Much love from a gorgeous day in Golden,
Book Whose Title I’ve forgotten and can’t find on Google. It was easy and entertaining, which is what I needed. A young woman travels to Columbia to visit her maternal family. Her mother, who died when she was young, had a second life previously unknown to her daughter. Also, of course the young American falls in love with a narco’s son, and is lured into a dangerous life. So memorable, obviously. 2.5/5 bananas.
TED: The Empowerment Dynamic. My housemate BJ suggested I read this. He is not a reader, but loves this. (When a self-described “non-reader” makes a book recommendation, I take note.) Again, an easy read. This reminds workers how to react to difficult situations at work. En sum: don’t be a victim. Create your happiness. Learn to react in a positive, productive manner. If you are into these types of business, good-attitude, pump-you-up books, you’ll dig it. 3/5 bananas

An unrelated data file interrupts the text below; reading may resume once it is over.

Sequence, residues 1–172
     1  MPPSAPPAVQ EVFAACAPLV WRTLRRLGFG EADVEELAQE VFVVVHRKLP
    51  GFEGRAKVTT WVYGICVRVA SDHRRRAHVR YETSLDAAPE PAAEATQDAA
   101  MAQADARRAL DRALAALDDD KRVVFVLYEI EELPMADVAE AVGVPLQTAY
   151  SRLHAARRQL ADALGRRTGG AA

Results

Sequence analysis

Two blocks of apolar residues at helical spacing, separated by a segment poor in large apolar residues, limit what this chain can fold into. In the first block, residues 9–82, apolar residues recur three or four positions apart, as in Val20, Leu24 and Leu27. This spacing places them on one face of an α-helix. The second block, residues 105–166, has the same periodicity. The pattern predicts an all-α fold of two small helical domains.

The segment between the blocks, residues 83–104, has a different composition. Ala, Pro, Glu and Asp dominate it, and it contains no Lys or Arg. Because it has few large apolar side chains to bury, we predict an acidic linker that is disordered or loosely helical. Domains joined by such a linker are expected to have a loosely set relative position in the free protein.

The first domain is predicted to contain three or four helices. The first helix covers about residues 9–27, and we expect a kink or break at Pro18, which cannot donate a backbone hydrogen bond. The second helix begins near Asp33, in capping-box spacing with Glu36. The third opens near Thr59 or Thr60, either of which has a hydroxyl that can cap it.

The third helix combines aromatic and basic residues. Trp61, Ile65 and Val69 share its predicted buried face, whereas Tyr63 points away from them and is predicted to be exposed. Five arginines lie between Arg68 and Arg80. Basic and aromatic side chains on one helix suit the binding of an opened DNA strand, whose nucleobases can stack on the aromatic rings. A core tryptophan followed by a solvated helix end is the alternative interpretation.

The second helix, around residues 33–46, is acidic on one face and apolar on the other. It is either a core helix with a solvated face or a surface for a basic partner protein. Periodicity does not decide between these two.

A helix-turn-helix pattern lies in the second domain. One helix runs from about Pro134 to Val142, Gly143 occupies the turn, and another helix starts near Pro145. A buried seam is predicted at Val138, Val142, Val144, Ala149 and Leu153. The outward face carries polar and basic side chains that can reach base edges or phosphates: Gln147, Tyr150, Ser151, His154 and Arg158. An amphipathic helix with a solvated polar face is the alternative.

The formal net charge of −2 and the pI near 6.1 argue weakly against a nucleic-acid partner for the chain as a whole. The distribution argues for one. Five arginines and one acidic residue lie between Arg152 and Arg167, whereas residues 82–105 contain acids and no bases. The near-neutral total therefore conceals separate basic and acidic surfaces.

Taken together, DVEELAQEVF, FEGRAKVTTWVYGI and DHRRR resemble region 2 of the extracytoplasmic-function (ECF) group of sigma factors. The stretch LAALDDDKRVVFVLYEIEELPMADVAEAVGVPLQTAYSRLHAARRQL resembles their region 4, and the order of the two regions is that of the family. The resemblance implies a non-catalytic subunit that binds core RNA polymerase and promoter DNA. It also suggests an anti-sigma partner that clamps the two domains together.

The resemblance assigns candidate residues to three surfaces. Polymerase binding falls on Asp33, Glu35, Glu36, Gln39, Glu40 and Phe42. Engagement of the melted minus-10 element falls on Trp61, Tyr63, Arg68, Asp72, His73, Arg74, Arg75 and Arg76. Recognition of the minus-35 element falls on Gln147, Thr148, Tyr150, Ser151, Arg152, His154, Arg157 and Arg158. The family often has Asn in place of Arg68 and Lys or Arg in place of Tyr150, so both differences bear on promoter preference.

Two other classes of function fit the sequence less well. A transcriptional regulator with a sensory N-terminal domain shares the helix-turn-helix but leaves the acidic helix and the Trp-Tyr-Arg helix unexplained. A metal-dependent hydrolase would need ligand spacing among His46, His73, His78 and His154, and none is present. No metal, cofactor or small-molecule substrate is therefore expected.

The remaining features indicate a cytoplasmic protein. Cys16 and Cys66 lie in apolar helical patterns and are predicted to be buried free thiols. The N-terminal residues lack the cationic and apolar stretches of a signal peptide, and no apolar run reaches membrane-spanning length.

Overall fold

The Sunflower: A coworker years ago gave me this novel. Again, total vacation reading. It is about a woman who travels to Peru to volunteer in an orphanage after her engagement is called off. I enjoyed it for what it was: romantic, spiritual, fluff. (Who doesn’t need an entertaining, easy read from time to time?) 2.5/5 bananas.
Season of Migration to the North: This was our book club selection for February, and surprisingly — most of us read it. This novella is considered part of the classics for African literature. Set in Sudan, it is the story of two men who return from the west to reintegrate into their villages, with colonization haunting their every move. I didn’t enjoy this book, but it has made me better for having read it. The brilliance is how much heavy thematic layering the author crams into a basic story of two men in a Sudanese village. At the end, you have to reconsider each of the character’s actions, and what influenced their decisions. I’ll think of this book for years to come. 5/5 bananas.